Why Is Nǎlǐ 哪里 Written Wrong?

First of all, let’s just hear what nǎlǐ 哪里 is supposed to sound like when said by a native speaker (excerpt from Chinese 24/7 audio files):

(hopefully Firefox users won’t have trouble with these)

qù nǎlǐ 去哪里? = Where are you going?

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Now by itself: nǎlǐ 哪里

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It’s clearly a 3-3 combo, just like nǐ hǎo 你好:

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If it were really nǎli, it would sound like other 3-5 combinations such as zǒu ba 走吧:

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In a 3-5 combination the second syllable is basically a 1st tone (maybe a little shortened). That’s not how nǎli sounds to me. I’m not talking about the 3-3 turning into a 2-3, we know that. I’m talking about whether the second syllable is up high (like a 5th tone would be after a 3rd tone) or down low (like a 3rd tone would be at the end of a compound word). I can’t hear it as anything but a 3rd tone.

Ok, is everyone convinced? It’s pronounced nǎlǐ (tones 3-3) and not nǎli (tones 3-5). I’ve never heard it pronounced with a 3-5 combination that I can remember.

Now let’s do a little research. Check all your dictionaries and see how it’s written. Here are my results:

  • Chubby: Nǎli – WRONG!
  • Lenny
    • “Where” (E-C): not present, only gives nǎr 哪儿
    • 哪里” (C-E): Nǎli – WRONG!
  • Big Red
    • “Where” (E-C): Nǎlǐ – CORRECT!
    • 哪里” (C-E): Nǎli – WRONG!
  • MDBG: Nǎlǐ – CORRECT!
  • Nciku: Nǎli- WRONG!

So my questions for everyone are:

  1. What does your dictionary have for 哪里?
  2. Has anyone ever heard nǎlǐ 哪里 pronounced with a 3-5 tone combo?
  3. If so, where are you?
  4. If not, why is it wrong in 4/6 places in my dictionaries?

I didn’t think about this until after my book had already gone to print so I’m sorry to say that it’s consistently written as “nǎli” throughout the pages of Chinese 24/7. I thought the variations in the writing of the tones was due to the “secret tone” phenomenon. You know, like cōngming 聪明 or péngyou 朋友, where everyone knows what tone that second character has (2 and 3, respectively) but some people will pronounce the real tone (especially if they speak slowly) and some people will pronounce it as a 5th (“light”) tone.

If I’d only really thought about it, I would have seen that’s not the case with nǎlǐ 哪里. Why, oh why did I trust the majority opinion of the dictionaries? Why didn’t I listen to my heart? If we ever do a second printing, I’m definitely going with nǎlǐ unless someone can back me off the ledge and tell me everything’s going to be ok.

[update 3 June 2009]

I guess I should have included more examples of what I’m talking about. Here are three different ways to say “nali” 那里 with three different tone combos.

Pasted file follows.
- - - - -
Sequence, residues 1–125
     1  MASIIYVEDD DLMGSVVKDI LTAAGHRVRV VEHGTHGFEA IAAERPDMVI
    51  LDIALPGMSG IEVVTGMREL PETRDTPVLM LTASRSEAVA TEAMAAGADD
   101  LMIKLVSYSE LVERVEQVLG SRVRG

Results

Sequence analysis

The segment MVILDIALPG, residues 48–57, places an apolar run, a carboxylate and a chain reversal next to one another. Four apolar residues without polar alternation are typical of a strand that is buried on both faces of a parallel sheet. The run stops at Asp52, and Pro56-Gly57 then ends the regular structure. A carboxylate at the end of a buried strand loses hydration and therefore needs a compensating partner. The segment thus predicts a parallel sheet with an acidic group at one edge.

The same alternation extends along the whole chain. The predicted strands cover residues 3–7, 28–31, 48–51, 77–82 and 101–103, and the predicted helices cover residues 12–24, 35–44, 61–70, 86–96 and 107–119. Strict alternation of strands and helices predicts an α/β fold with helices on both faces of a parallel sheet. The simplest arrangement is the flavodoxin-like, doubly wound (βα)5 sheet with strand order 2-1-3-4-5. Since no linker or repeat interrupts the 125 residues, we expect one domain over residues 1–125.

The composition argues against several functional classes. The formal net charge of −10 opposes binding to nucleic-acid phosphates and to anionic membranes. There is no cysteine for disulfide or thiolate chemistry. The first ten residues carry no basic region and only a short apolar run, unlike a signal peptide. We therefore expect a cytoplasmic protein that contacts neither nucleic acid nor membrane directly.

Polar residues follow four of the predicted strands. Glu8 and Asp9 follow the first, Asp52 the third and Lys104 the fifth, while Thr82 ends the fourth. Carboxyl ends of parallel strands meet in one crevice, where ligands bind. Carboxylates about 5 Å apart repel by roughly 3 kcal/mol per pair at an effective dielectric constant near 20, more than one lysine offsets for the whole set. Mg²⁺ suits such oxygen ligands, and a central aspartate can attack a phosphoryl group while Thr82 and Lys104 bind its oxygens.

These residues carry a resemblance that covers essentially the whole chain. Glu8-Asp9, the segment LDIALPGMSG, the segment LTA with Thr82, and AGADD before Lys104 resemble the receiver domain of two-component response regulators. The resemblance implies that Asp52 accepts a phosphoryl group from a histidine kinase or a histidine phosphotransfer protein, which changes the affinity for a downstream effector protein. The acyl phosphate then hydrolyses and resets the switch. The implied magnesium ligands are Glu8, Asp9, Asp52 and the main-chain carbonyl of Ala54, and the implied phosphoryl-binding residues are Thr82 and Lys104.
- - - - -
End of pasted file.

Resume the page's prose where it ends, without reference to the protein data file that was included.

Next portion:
Before we get distracted, the real issue is not my pronunciation of these three examples. I’m not a native speaker and I’m not claiming these are the “correct” ways to say these combinations. I’m just hoping I got close enough to give ya’ll a ball-park idea of what the differnet tone combos might sound like. Feel free to criticize the zhonglish tones if I got them wrong.

But the real question is: Which of these have you heard native speakers say? (We’re going for descriptive rather than prescriptive rules here.)

Option #1: nǎlǐ (na3 li3)

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Option #2: náli (na2 li5)

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Option #3: nǎli (na3 li5)

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My theory is that we’ve heard #1 and #2 but never #3. If that’s true, then it is written wrong (as option #3) in many dictionaries.


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  1. 33 Responses to “Why Is Nǎlǐ 哪里 Written Wrong?”

  2. Jonathan SPAIN said:

    The hanzi for your second sound example needs to be altered.

    Interesting post!

    Comment date: May 24, 2009

  3. Albert CHINA said:

    Thanks Jonathan. A little copy-paste problem I guess.

    Comment date: May 24, 2009

  4. Nicki CHINA said:

    http://www.yellowbridge.com:
    “nǎli , sometimes listed as nǎlǐ”

    How are the book sales coming?

    Comment date: May 24, 2009

  5. 大羽 CHINA said:

    @Alerbt

    To be a native, sometimes I also feel very strange for some Chinese word pronunciation. Some word you can’t seperate that from a sentence, if you did, the pronunciation will be different.

    For example:

    你周末要去哪里? nǐ zhōu mò yào qù nǎ li
    I believe the native with a good flat accent will pronounce 哪里 with “nǎ li”

    If someone pronounce that “nǎ lǐ”, that’s sound not smoothly. That means, in there,you needn’t foucus on “ only a light tone is ok,otherwise the pronunciation looks really like “LaoWai” do.